"[Christie] could win New Hampshire, but then what? Compared with McCain 2008, he has a weaker long game and a stronger field of opponents," said Jack Pitney, a political science professor at Claremont McKenna College.
The establishment's nightmare scenario is that the center-right vote splits and gifts Trump the Granite State, leaving them with no traction and no alternative as the nomination contest moves to South Carolina, Nevada and a swath of southern states.
That may help explain why Rubio currently stands atop the establishment pack. The senator, who also got tea party support, is widely seen as the Republican with the greatest potential crossover appeal, able to impress both the party establishment (he has won the support of wealthy donors such as Paul Singer and Larry Nichols) and more conservative voters. Facing a perception among some voters there that he doesn't spend enough time in the Granite State, he sought to correct that this week with a series of stops over three days from Rochester to Berlin, a remote town in the northern part of the state, selling his vision of a "new American century."
But Christie supporter Bill Dunham, 68, of Brentwood, N.H., is down on Rubio. "I'm never going to forget the time he walked into a room with Chuck Schumer and came out supporting amnesty. Never gonna forget it," Dunham said. His second choice is Cruz, he said. Like some Republicans, Dunham sees Christie as having Trump's pugnacity without his tendency to give offense. "I lived in New Jersey for a while so I'm used to his bombast, which I really kinda love," Dunham said of Christie.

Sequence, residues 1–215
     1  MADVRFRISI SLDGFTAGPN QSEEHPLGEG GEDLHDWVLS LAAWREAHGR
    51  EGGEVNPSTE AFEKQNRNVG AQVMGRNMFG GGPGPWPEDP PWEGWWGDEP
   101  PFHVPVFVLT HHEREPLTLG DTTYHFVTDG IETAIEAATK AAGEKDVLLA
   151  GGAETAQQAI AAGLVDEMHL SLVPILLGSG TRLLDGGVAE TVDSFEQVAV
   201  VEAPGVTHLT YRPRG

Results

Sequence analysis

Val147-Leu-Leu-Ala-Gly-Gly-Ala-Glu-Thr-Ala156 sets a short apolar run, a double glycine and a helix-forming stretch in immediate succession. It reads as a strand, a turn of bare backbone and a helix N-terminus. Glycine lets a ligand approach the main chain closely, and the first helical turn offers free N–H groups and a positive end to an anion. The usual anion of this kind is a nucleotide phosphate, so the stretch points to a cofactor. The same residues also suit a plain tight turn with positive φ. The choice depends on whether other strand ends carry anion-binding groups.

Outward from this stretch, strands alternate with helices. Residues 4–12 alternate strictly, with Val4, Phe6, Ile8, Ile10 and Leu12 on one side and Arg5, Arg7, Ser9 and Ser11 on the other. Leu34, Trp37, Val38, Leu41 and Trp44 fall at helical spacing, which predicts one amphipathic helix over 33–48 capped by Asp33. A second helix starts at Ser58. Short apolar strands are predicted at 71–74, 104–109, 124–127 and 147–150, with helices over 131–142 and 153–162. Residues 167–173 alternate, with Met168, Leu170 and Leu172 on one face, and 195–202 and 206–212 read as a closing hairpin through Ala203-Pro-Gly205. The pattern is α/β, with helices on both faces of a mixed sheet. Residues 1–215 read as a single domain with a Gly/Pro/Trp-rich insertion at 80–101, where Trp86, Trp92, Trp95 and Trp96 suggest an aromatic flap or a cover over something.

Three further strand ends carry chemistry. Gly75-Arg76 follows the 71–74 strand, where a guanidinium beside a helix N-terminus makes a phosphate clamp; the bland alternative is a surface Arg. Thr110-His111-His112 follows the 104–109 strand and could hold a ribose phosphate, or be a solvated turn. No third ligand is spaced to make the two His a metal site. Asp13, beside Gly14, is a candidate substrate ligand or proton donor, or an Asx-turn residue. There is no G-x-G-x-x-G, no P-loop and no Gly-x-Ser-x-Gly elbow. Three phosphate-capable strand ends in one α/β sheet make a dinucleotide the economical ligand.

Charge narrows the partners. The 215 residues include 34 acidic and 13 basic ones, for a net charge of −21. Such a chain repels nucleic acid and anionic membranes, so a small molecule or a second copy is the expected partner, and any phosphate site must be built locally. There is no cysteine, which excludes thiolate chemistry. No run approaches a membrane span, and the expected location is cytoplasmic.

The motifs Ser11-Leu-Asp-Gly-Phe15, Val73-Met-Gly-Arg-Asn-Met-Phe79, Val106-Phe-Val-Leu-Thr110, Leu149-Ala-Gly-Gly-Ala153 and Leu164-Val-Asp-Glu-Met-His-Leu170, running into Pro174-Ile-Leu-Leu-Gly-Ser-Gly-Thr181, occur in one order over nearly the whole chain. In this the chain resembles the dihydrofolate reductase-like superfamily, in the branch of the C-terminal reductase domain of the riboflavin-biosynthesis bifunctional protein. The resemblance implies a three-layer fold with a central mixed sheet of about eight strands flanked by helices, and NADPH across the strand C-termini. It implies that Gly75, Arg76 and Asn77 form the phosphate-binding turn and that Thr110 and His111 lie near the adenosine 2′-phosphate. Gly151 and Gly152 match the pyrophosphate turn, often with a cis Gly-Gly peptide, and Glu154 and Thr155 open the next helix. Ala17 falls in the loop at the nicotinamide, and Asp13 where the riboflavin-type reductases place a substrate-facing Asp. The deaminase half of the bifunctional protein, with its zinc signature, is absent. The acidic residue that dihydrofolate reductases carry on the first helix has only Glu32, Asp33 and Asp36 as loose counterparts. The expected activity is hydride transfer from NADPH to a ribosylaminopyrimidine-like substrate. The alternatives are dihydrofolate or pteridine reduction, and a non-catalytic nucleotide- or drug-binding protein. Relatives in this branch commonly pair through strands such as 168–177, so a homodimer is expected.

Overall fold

In interviews, some New Hampshire voters expressed frustration with Trump, who will hold a rally in New Hampshire on Monday.
"A real pain in the ass. Can you print that?" griped Ruth Griffin, a local GOP activist who backs Kasich, after a rally.
"Mr. Trump is rude and crude—and that's putting it mildly," said Jody Horne, an 85-year-old retired teacher who is supporting Kasich. "He's an absolute fool."
"Look, I like that Trump got people thinking. But he's got too much baggage," said Lloyd Graves, of North Hampton. "There's just too many candidates right now."
At a town hall Sunday, Kasich reflected on the unusually ugly primary contest, and had his own veiled jabs at Trump. "This is not that hard," he told the crowd. "It's the politics that's hard... I'm not into loud statements. I'm not into banging my fists on a table. I'm not into dividing and name calling... I'm into leading. The yelling only goes so far."
Bush took more direct aim at Trump during a campaign event in upstate New Hampshire. He slammed Trump's proposal to temporarily ban Muslims from entering the U.S. "I promise, I won't talk about Trump again," he said.
Less than two minutes later, he couldn't help himself. "This is why this love affair with Donald Trump—wait, I just said I wasn't gonna," he said, catching himself. But after addressing the estimated 50 people at the town hall, Bush slammed Trump again to reporters. He said that Trump's recent crude attacks on Clinton would help the Democratic front-runner.
But even some who don't support Trump acknowledged his staying power.
"There are people who’ve never, ever voted that are going to vote now. He’s done something. He’s stirred up the hornet’s nest. And he's stirred up the United States," said Plummer, the New Hampshire activist. "And I don’t blame him. This guy just stood up in front of 10 people and said, 'I want to be president.' Then he stood up in front of 100 people, then 1,000, then 10,000. And they responded. He is telling Washington, 'I'm mad as hell and we're going to change a few things.'"